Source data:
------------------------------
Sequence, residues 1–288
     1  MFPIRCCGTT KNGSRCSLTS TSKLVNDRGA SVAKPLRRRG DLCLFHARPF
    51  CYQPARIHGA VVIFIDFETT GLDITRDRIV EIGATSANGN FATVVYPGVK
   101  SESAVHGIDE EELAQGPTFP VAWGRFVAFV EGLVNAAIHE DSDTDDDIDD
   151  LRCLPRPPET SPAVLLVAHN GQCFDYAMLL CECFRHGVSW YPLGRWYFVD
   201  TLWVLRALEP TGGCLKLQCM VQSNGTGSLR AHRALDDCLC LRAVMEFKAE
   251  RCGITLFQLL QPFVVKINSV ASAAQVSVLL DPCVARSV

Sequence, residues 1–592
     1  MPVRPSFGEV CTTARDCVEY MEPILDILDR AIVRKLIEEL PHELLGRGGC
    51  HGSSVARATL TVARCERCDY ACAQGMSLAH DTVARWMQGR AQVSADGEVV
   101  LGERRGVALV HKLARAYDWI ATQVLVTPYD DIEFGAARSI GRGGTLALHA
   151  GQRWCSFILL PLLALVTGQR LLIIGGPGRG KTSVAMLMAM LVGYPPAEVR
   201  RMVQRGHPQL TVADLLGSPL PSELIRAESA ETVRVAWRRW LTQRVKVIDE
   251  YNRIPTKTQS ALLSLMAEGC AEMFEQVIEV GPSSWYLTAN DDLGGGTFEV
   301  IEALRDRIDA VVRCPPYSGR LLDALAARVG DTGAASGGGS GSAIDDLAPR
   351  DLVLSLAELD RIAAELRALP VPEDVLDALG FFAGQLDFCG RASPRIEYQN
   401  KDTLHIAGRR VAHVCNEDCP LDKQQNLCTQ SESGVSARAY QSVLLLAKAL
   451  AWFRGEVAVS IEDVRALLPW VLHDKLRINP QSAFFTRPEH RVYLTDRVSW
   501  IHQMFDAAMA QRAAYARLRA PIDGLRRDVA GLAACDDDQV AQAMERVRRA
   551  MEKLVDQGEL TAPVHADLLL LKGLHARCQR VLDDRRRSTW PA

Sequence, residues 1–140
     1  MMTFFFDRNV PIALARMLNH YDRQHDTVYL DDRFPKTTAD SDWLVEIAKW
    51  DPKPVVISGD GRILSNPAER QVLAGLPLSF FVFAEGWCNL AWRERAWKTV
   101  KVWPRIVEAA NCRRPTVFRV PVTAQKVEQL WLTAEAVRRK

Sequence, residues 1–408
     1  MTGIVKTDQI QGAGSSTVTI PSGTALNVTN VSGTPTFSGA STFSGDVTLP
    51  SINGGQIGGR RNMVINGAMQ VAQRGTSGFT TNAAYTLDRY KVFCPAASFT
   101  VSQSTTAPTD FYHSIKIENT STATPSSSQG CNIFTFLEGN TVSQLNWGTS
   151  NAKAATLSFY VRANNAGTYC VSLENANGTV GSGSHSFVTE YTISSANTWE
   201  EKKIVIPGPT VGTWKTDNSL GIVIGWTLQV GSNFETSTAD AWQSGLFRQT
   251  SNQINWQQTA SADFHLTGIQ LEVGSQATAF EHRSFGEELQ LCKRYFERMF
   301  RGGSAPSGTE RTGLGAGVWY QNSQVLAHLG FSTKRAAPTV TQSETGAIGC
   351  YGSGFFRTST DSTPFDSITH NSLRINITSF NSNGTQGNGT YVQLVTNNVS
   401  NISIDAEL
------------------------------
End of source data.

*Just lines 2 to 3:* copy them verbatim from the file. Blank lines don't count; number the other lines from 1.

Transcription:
     1  MFPIRCCGTT KNGSRCSLTS TSKLVNDRGA SVAKPLRRRG DLCLFHARPF
    51  CYQPARIHGA VVIFIDFETT GLDITRDRIV EIGATSANGN FATVVYPGVK